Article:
News: Champions League: Liverpool Ousts Roma in Loss That Doubles as a Triumph
ROME — Slowly, reluctantly, their voices hoarse and their shoulders slumped, A.S. Roma’s fans started to lift themselves from their seats and head toward the Stadio Olimpico exits, ready to make the long, sorrowful journey back into town.
Only a minute remained of the second leg of this Champions League semifinal, sixty more seconds after three frantic, chaotic, lunatic hours of soccer over two games. Liverpool still, somehow, led by 7-5 on aggregate. Roma needed to score twice more simply to force extra time.
At last, Roma’s fans resigned themselves to the inevitable. It was over. It would be Liverpool in the Champions League final for the first time in 11 years, against Real Madrid in Kiev, Ukraine, on May 26. Roma’s time had run out.
Then Cengiz Under, a Roma substitute still fizzing with energy, burst into Liverpool’s box once more. The ball careered into the hand of Liverpool defender Ragnar Klavan. Damir Skomina, the referee, awarded a penalty. The drift stopped, and watched. Radja Nainggolan scored. There was a glimmer: One goal would do it now. On the field, Roma’s players pleaded with Skomina to add on more time, not to cut them short. In the stands, they roared.(cheap soccer cleats)
That moment, more than any other, summed up a semifinal that veered between mesmerizing and madcap, that even Jürgen Klopp, Liverpool’s manager, called “crazy.”
This was a semifinal, after all, that was over after little more than an hour of the first leg: when Liverpool was flying, 5-0 up, sweeping into the final, an unstoppable force. And yet, somehow, it was also a contest that, with just a few seconds remaining before Skomina finally blew his whistle and confirmed Liverpool’s return to the grandest game in club soccer, hung entirely in the balance.
That says something about Roma, of course: how Eusebio Di Francesco’s team managed to salvage something from the ruins of Anfield last week, scrambling two late goals to restore some pride and ignite some hope; about how it fulfilled his demand to “send a message” with its performance in the second leg; about how it refused to yield when Sadio Mané put Liverpool ahead in the first 10 minutes here, and then again when Georginio Wijnaldum made it 2-1 25 minutes in(nike mercurial soccer cleats).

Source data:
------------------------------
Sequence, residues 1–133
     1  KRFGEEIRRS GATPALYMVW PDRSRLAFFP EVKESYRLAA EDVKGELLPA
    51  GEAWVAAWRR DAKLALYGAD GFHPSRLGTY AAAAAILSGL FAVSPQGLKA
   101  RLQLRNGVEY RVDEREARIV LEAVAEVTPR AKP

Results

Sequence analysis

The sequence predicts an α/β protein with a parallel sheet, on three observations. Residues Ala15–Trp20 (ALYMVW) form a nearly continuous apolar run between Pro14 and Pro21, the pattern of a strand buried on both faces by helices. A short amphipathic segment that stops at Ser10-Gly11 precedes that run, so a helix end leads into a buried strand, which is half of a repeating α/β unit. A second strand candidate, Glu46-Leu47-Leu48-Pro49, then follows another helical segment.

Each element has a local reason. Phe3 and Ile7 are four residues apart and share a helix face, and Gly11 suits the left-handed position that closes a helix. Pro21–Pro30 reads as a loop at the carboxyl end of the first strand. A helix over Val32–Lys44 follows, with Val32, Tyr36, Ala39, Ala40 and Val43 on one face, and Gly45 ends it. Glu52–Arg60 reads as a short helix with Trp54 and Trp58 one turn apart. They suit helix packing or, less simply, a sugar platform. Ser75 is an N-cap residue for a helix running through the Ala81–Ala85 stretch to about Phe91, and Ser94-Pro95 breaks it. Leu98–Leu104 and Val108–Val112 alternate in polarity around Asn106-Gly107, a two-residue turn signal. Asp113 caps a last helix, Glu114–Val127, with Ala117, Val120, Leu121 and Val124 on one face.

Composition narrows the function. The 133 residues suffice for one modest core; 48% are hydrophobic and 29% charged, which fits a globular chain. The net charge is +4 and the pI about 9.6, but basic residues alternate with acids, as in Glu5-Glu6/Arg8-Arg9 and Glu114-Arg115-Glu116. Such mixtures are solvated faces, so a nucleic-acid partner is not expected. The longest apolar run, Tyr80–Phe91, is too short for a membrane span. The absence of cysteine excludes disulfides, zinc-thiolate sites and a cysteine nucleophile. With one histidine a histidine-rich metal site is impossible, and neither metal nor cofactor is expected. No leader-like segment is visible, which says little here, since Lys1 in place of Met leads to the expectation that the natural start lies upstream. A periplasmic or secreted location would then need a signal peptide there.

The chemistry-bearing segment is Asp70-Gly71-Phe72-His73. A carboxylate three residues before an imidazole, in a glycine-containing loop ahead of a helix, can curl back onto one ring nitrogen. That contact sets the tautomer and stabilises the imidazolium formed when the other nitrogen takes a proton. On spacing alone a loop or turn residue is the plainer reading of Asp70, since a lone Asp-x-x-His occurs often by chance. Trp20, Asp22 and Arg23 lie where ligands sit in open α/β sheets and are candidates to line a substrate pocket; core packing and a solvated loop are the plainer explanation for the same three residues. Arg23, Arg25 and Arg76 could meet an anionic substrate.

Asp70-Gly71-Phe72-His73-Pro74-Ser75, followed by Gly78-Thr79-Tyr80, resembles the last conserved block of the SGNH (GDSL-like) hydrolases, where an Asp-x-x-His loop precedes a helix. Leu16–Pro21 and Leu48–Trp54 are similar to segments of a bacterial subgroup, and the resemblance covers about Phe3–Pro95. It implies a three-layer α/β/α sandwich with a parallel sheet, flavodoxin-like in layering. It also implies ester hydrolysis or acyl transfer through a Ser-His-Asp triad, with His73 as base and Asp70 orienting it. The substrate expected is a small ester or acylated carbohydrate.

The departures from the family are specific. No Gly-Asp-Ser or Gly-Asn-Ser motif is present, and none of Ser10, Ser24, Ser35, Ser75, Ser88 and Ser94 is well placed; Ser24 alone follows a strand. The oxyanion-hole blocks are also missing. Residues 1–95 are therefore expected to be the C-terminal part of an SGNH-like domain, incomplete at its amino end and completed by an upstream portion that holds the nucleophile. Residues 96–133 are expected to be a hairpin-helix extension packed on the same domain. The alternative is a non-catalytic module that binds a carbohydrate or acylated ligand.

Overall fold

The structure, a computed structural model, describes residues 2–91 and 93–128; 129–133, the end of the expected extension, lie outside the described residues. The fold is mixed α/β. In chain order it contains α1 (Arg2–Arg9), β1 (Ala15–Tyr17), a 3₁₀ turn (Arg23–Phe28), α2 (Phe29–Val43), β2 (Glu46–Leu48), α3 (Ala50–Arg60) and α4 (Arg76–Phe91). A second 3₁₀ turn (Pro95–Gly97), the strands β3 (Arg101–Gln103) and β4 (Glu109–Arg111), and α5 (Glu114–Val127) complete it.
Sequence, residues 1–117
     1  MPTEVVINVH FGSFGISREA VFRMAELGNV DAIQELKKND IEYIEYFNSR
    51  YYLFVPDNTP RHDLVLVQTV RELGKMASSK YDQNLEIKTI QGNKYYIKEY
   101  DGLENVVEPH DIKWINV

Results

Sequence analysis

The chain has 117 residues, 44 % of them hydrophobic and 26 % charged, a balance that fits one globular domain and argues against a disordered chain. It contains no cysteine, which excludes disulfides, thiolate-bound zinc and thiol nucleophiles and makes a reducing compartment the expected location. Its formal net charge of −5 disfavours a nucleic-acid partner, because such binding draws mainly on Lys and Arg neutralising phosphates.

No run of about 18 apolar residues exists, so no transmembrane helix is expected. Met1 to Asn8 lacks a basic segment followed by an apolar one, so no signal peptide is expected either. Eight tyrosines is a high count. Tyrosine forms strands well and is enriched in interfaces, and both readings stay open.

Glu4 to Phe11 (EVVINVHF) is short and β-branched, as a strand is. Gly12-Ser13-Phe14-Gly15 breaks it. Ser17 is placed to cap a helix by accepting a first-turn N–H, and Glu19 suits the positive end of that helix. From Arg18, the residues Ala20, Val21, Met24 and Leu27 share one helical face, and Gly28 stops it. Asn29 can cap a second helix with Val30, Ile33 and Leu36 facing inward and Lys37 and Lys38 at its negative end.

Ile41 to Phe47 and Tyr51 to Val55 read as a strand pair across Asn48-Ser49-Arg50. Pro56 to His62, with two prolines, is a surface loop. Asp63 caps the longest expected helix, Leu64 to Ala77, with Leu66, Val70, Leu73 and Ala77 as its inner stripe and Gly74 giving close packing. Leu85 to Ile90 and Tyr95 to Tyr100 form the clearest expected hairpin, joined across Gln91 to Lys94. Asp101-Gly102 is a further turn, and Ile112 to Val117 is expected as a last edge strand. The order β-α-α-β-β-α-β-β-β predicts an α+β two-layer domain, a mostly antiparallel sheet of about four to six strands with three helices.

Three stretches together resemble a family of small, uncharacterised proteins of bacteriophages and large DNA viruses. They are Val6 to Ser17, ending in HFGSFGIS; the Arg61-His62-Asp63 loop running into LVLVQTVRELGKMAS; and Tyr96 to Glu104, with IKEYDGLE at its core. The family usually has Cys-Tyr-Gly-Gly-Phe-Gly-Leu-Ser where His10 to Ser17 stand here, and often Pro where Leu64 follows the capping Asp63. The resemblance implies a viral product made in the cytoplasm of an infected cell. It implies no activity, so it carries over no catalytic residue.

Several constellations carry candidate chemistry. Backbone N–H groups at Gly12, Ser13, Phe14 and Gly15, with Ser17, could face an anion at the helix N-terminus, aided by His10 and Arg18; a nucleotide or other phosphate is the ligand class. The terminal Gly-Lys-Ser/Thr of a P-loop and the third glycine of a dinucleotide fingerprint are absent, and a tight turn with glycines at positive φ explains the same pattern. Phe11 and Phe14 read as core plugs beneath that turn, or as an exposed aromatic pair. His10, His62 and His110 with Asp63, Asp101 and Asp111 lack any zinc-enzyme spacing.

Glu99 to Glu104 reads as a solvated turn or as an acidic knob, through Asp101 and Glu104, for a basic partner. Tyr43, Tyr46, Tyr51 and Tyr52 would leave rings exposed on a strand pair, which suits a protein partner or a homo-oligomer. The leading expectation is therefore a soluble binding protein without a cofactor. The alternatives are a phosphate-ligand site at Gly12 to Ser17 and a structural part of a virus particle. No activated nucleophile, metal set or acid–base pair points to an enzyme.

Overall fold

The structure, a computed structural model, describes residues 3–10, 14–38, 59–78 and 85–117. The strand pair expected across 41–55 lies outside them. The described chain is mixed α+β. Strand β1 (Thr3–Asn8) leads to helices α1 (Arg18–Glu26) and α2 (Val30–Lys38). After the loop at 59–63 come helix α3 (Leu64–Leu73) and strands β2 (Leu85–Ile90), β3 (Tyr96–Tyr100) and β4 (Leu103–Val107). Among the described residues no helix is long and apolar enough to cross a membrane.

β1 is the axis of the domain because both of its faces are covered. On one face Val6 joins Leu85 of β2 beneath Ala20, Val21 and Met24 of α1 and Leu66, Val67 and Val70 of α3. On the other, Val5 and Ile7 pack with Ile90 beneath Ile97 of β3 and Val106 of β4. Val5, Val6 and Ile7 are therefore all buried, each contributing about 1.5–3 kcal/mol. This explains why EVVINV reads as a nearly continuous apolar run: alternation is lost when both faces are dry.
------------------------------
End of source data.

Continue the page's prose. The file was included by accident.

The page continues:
This is a team that deserved the rapturous ovation it was awarded by its fans at the end, a team that produced a miracle to qualify for the semifinal against Barcelona and always believed, deep down, that it was capable of repeating the trick. It was a team that earned Klopp’s sincere admiration for its courage, one that first drew level and then, when all seemed lost, rallied again, and brought Liverpool to the brink.
But more pressingly, it says something about Liverpool, too, about its addiction to drama, its compulsion to live life on the edge, its determination to crest and fall with the waves of its own emotion: the strengths that make it such a force at its best and the weaknesses that make it so vulnerable when it is not. This is a team that can win 5-2 and feel like it has been beaten, and a team that can lose 4-2 and feel like it has triumphed, all in the space of eight days.
For all the relief in Klopp and his players at the final whistle, though, the scale of what Liverpool has achieved this season should not be underestimated(all black nike soccer cleats).